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Original author: 
Jon Brodkin

Niall Kennedy

Todd Kuehnl has been a developer for nearly 20 years and says he's tried "pretty much every language under the sun."

But it was only recently that Kuehnl discovered Go, a programming language unveiled by Google almost four years ago. Go is still a new kid on the block, but for Kuehnl, the conversion was quick. Now he says "Go is definitely by far my favorite programming language to work in." Kuehnl admitted he is "kind of a fanboy."

I'm no expert in programming, but I talked to Kuehnl because I was curious what might draw experienced coders to switch from proven languages to a brand new one (albeit one co-invented by the famous Ken Thompson, creator of Unix and the B programming language). Google itself runs some of its back-end systems on Go, no surprise for a company that designs its own servers and much of the software (right down to the operating systems) that its employees use. But why would non-Google engineers go with Go?

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Original author: 
Peter Bright

Aurich Lawson / Thinkstock

In a bid to make JavaScript run ever faster, Mozilla has developed asm.js. It's a limited, stripped down subset of JavaScript that the company claims will offer performance that's within a factor of two of native—good enough to use the browser for almost any application. Can JavaScript really start to rival native code performance? We've been taking a closer look.

The quest for faster JavaScript

JavaScript performance became a big deal in 2008. Prior to this, the JavaScript engines found in common Web browsers tended to be pretty slow. These were good enough for the basic scripting that the Web used at the time, but it was largely inadequate for those wanting to use the Web as a rich application platform.

In 2008, however, Google released Chrome with its V8 JavaScript engine. Around the same time, Apple brought out Safari 4 with its Nitro (née Squirrelfish Extreme) engine. These engines brought something new to the world of JavaScript: high performance achieved through just-in-time (JIT) compilation. V8 and Nitro would convert JavaScript into pieces of executable code that the CPU could run directly, improving performance by a factor of three or more.

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Imagine installing a service on your cellphone that lets you see all the data – from location to address book info – transmitted by your phone. Or a simple website where you and your friends could have private chats that couldn’t be read by the most aggressive spying agencies. Or a service that lets you know how many tracking codes are on a site before you clicked on it.

Lam Thuy Vo
One of the coders at the Data Transparency Weekend models the official T-shirt from the event.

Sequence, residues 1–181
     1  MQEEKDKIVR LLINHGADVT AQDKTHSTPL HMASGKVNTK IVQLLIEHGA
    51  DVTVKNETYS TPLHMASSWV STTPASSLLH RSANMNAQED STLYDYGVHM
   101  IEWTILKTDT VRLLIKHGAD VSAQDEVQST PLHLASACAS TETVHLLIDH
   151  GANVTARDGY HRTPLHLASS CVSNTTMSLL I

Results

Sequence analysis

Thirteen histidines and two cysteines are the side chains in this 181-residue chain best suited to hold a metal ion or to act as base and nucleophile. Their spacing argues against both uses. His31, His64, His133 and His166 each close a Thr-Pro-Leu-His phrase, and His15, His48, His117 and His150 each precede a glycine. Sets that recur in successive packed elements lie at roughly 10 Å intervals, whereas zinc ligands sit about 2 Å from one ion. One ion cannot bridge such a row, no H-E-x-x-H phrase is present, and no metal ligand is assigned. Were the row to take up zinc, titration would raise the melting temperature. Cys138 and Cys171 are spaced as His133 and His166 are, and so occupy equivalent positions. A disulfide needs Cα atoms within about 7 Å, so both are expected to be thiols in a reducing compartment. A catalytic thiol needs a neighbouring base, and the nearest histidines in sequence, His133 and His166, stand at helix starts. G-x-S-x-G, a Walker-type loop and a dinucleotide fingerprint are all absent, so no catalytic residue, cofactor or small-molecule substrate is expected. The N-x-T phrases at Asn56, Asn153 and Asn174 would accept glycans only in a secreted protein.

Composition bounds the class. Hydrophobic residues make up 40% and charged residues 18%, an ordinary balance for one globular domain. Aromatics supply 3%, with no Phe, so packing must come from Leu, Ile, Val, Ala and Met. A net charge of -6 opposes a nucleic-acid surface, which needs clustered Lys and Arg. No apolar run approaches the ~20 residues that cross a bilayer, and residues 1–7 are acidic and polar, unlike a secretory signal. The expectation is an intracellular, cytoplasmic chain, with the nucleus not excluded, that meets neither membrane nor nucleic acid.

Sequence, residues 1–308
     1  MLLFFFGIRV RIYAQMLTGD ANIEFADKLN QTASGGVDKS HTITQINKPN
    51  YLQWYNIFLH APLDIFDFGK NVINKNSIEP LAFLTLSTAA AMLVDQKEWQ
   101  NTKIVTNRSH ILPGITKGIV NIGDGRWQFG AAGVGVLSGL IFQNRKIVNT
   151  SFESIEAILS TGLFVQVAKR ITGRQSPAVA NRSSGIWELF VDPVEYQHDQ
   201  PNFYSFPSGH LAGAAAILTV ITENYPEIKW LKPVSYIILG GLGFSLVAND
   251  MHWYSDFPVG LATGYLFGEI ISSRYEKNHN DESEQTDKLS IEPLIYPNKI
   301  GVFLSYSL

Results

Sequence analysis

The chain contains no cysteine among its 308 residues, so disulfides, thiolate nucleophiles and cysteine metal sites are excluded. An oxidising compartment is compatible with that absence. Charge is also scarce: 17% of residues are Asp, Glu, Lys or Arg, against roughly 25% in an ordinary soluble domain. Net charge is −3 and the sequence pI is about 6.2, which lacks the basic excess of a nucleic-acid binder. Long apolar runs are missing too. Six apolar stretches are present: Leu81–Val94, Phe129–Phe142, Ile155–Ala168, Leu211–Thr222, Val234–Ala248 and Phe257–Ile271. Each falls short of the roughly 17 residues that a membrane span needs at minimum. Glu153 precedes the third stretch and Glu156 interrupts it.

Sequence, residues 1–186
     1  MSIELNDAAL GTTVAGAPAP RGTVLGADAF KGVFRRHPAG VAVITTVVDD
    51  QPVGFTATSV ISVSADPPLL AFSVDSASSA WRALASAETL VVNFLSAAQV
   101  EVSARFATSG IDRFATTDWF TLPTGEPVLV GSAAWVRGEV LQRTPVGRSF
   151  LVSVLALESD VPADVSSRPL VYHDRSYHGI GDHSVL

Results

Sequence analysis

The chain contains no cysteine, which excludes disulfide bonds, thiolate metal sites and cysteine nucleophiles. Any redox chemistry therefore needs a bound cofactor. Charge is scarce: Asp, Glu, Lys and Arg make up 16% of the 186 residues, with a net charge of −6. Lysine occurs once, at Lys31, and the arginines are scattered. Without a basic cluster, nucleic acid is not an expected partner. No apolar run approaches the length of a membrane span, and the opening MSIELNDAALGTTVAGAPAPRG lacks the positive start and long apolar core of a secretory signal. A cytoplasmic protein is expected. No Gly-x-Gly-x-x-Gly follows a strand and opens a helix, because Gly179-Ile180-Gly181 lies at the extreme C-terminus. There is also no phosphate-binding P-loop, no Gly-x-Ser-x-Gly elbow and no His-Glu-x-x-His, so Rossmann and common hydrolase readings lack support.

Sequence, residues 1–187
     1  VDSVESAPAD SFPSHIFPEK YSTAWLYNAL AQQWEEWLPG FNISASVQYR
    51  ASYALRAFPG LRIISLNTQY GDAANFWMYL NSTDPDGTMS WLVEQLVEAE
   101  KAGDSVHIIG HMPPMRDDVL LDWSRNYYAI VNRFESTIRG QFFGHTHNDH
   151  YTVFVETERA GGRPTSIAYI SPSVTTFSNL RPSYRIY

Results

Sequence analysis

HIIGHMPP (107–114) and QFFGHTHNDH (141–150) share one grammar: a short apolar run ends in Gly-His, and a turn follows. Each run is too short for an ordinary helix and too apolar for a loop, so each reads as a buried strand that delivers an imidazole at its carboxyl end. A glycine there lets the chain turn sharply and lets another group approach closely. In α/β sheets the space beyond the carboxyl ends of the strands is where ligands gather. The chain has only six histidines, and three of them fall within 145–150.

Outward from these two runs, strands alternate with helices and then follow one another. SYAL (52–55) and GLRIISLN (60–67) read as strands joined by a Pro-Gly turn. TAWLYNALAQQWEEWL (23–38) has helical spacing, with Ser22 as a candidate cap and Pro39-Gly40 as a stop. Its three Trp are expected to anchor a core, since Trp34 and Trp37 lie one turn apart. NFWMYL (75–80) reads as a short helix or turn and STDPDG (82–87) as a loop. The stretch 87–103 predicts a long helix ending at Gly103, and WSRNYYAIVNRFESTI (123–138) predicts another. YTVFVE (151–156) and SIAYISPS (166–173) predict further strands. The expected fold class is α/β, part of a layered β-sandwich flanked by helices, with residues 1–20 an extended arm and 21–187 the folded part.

Over the weekend, more than 100 computer programmers built those tools and many more at the Wall Street Journal’s first-ever Data Transparency Weekend in New York.

The event was an outgrowth of the Journal’s extensive reporting about how companies and government’s are increasingly using technology to collect personal data. The event was designed to promote the creation of tools that let people see and control their personal data.

After a weekend of coding, nearly 20 projects were submitted for judging on Sunday. The entries were judged by Alessandro Acquisti, professor of information technology and public policy at Carnegie Mellon, Sid Stamm, Web security and privacy strategist at Mozilla and Andrew McLaughlin, former deputy chief technologist at the White House and vice president at Tumblr.

Danny Weitzner, the deputy chief technologist at the White House, handed out the certificates to the winning teams. The winners were:

Outstanding Scanning Project: TOSBack2 – a project to scan the Web to build a “living archive” of all privacy policies online.

Outstanding Education Project: PrivacyBucket – software that lets users of the Chrome Web browser view the type of demographic estimates that Web tracking companies make about them based on their Web browsing history.

Outstanding Control Project: Cryptocat – an instant messaging service that lets people engage in encrypted chats inside their Web browsers or on their phones. Extra bonus: the program lets people generate random numbers (which are needed for encryption) by shaking their phone – allowing the creators to say that their program is powered by dance moves.

Judge’s Choice Award: Site Scoper – a website that scans for tracking files and sensitive content on websites before you visit it.

“Ready for Primetime” Award: MobileScope – a service that lets people see what data is being transmitted without their knowledge by their cellphone. It also offers ad-blocking and do-not-track services for cellphones.

The judges also dreamed up their own three award categories:

The Zuckerberg/Systrom Memorial Award for Opportunistic Optimism Award: Pestagram, for its blatantly commercial mashup of hot Web technologies Instagram and Pinterest.

Best Listener Award: The Price of Free, for the fact that the project was generated by Professor Acquisti’s speech kicking off the weekend, in which he challenged participants to find ways to quantify how much people are paying with their data for free services.

And, finally, The Soup Cans and String Winner: Ostel, for its work on technology that allows people to make encrypted cellphone calls using voice-over-the-Internet technology.

For more photos and news from the weekend, check out the Storify coverage:

Day 1

Day 2

Day 3

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